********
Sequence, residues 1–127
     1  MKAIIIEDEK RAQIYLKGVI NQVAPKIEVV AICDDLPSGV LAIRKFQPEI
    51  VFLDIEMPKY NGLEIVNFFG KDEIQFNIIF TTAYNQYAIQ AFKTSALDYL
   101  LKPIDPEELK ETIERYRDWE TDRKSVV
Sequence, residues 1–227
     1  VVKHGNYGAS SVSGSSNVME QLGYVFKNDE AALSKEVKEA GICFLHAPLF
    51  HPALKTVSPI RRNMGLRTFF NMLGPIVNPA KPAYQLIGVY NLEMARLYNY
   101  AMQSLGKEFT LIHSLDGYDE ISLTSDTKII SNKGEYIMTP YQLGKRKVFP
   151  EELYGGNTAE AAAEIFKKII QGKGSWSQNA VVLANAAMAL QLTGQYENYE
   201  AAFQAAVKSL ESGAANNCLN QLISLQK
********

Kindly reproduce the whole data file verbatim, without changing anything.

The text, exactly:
Sequence, residues 1–127
     1  MKAIIIEDEK RAQIYLKGVI NQVAPKIEVV AICDDLPSGV LAIRKFQPEI
    51  VFLDIEMPKY NGLEIVNFFG KDEIQFNIIF TTAYNQYAIQ AFKTSALDYL
   101  LKPIDPEELK ETIERYRDWE TDRKSVV
Sequence, residues 1–227
     1  VVKHGNYGAS SVSGSSNVME QLGYVFKNDE AALSKEVKEA GICFLHAPLF
    51  HPALKTVSPI RRNMGLRTFF NMLGPIVNPA KPAYQLIGVY NLEMARLYNY
   101  AMQSLGKEFT LIHSLDGYDE ISLTSDTKII SNKGEYIMTP YQLGKRKVFP
   151  EELYGGNTAE AAAEIFKKII QGKGSWSQNA VVLANAAMAL QLTGQYENYE
   201  AAFQAAVKSL ESGAANNCLN QLISLQK